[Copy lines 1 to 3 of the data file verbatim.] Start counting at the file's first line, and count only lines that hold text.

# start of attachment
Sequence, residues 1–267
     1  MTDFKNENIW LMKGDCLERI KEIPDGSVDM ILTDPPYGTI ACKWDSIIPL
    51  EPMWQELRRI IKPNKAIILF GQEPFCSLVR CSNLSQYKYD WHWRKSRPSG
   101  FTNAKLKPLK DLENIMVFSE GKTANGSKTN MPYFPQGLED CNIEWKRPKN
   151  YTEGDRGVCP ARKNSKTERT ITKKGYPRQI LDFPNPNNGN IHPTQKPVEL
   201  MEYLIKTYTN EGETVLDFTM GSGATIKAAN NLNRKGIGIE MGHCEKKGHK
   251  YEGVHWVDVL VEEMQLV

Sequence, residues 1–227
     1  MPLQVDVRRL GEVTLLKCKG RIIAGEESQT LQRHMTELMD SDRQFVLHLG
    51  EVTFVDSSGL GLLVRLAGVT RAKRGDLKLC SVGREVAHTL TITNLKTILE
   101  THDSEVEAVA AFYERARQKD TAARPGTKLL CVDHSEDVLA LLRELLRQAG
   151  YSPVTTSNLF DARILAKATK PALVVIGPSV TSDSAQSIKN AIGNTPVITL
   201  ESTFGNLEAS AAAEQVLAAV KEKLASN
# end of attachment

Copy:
Sequence, residues 1–267
     1  MTDFKNENIW LMKGDCLERI KEIPDGSVDM ILTDPPYGTI ACKWDSIIPL
    51  EPMWQELRRI IKPNKAIILF GQEPFCSLVR CSNLSQYKYD WHWRKSRPSG